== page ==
Cleveland Cavaliers fans have been waiting for more than six months to see Kyrie Irving return to the court. Despite an excitement-stoking report, it sounds like they're going to have to wait a little bit longer.
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Citing "a source familiar with Irving's plans," ESPN.com's Dave McMenamin reported Wednesday morning that the All-Star point guard — whose left knee injury during Game 1 of the 2015 NBA finals was later revealed to be a fractured kneecap, requiring surgery that knocked him out for the remainder of the championship round and has cost him the first 23 games of this campaign — intended to make his season debut during Cleveland's nationally televised Thursday night showdown with Kevin Durant, Russell Westbrook and the red-hot Oklahoma City Thunder:
Irving [...] was cleared for full contact more than a week ago and has been through a handful of practices since without any setbacks.
Irving's final hurdle before the team approves of his intention to play will involve a series of physical tests to measure his body's strength and responsiveness, a team source told ESPN.com. The tests will be similar to the ones administered on Irving before he was allowed to return for Game 4 of the Eastern Conference finals against Atlanta last spring after sitting out Games 2 and 3 with tendinitis in his left knee.
Shortly after that report, though, Irving took to Twitter with a bucket of cold water:
Sorry to dwindle the news, but I won't be returning tmrw. It was wrongfully reported. When I do come back you'll hear it directly from me.
— Kyrie Irving (@KyrieIrving) December 16, 2015
On one hand, the continual delay of Irving's return comes as something of a surprise. Chris Haynes of the Northeast Ohio Media Group reported last week that Irving "has been diligently trying to persuade the organization to activate him," and Cavaliers head coach David Blatt said there was "a possibility" that Irving, like similarly long-sidelined teammate Iman Shumpert, could return during the Cavs' two-game road swing, which ended Tuesday night with a convincing win over the Boston Celtics.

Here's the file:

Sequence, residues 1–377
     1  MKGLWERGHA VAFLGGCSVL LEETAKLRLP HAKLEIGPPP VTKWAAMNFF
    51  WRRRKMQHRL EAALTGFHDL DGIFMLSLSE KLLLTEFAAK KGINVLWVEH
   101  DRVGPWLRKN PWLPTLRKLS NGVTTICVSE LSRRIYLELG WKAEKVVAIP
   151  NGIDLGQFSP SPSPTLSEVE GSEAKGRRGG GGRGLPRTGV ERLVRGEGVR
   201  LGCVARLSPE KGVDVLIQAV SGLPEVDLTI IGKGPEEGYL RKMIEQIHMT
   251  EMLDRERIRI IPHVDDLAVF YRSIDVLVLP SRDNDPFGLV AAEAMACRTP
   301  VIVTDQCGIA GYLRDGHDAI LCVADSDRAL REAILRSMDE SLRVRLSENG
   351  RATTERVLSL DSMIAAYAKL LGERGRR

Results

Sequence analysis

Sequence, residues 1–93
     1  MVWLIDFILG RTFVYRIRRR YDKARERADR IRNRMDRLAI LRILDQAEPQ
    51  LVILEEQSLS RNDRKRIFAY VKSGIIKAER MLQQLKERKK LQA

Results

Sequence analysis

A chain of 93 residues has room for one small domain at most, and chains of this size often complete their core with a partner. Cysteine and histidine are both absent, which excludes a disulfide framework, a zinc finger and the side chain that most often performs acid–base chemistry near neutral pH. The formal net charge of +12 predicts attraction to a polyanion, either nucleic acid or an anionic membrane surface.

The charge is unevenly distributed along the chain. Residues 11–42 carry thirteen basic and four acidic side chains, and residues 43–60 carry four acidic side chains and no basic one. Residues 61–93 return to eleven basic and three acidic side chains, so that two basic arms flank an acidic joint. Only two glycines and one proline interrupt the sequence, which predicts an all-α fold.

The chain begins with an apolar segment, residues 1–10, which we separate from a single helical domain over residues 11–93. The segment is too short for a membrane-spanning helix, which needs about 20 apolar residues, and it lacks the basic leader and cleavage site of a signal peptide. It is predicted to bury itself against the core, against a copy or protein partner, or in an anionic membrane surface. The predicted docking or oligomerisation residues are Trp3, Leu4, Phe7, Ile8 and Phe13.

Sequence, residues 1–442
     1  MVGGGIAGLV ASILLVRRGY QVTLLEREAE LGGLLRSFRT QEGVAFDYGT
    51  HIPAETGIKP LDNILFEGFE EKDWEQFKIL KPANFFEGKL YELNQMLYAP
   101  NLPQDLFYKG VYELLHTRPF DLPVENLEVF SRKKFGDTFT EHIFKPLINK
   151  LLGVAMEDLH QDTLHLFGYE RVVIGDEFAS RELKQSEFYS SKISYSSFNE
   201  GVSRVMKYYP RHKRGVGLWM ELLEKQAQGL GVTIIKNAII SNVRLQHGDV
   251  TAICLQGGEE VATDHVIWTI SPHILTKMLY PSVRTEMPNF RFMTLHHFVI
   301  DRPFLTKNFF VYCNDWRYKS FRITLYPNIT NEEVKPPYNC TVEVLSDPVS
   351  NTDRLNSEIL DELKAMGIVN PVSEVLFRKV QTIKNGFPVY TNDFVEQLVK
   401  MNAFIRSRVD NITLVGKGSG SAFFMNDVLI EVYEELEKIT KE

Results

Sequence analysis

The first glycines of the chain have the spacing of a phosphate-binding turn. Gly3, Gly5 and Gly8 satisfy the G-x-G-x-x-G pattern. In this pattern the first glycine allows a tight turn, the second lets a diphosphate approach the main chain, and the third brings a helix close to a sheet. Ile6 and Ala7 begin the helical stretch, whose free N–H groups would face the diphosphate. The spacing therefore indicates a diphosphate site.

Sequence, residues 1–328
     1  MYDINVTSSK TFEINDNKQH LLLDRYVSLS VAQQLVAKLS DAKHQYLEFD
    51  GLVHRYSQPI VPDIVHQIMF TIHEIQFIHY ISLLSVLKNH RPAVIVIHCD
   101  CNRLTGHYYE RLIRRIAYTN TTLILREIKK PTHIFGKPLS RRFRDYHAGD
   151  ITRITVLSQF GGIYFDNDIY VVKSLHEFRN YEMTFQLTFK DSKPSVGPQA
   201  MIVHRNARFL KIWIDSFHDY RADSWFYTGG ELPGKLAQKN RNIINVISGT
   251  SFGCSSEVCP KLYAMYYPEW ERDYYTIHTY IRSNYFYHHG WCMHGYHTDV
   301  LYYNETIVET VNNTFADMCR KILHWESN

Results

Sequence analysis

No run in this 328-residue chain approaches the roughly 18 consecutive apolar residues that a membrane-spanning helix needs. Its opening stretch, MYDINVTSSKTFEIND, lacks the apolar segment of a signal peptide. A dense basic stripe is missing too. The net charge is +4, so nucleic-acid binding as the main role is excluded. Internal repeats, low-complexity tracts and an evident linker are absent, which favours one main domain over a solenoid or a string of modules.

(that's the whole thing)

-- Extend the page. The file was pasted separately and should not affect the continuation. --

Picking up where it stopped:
On the other, Haynes also reported it was "more likely that next Sunday, Dec. 20 at home versus Philadelphia is the target date" for Irving's return. That makes sense, of course; why rush a just-cleared player into action against the likes of Russell Westbrook when you could reintroduce him against the lower grade of offensive threat provided by the 76ers' point guards? (Sorry, Kendall Marshall and T.J. McConnell.) From Haynes:
"We've still got some things that we want to go through with him before we let him get back out there," Blatt said, "but he is looking good and feeling good." [...]
"He still has some testing to do and we'd like him to work a few more days in practice," Blatt said.
Even if he misses Thursday's game, re-entering the fold against Philly this weekend would mean Irving has beaten a timeline tendered in August suggesting me might not come off the shelf until January. And while Blatt, LeBron James, Kevin Love and company would sure love to have the scoring and playmaking gifts of a player who has averaged at least 20 points, five assists, three rebounds and 1.5 steals per game over the past three seasons — he's one of only 23 players ever with at least three such seasons under his belt, according to Basketball-Reference.com — it seems reasonable to continue to approach Irving's return with caution, especially considering they've rolled up an East-leading 16-7 record and the league's No. 4 offense without Irving on the ball.
James continues to play at an elite level. Love looking more comfortable and productive in a more central offensive role in his second season in Cleveland. Mo Williams and Matthew Dellavedova are combining to average 21.4 points, 8.4 assists and five rebounds per game, with both hitting 90 percent of their free throws and the Aussie hitting 44 percent of his 3-point tries. In a season directed solely at returning to the NBA finals and finishing the job this time, credit the Cavs for understanding that there's no sense in jumping the gun on something as significant as bringing a star back from knee surgery ... especially when you've got more than enough firepower to weather another game or two.
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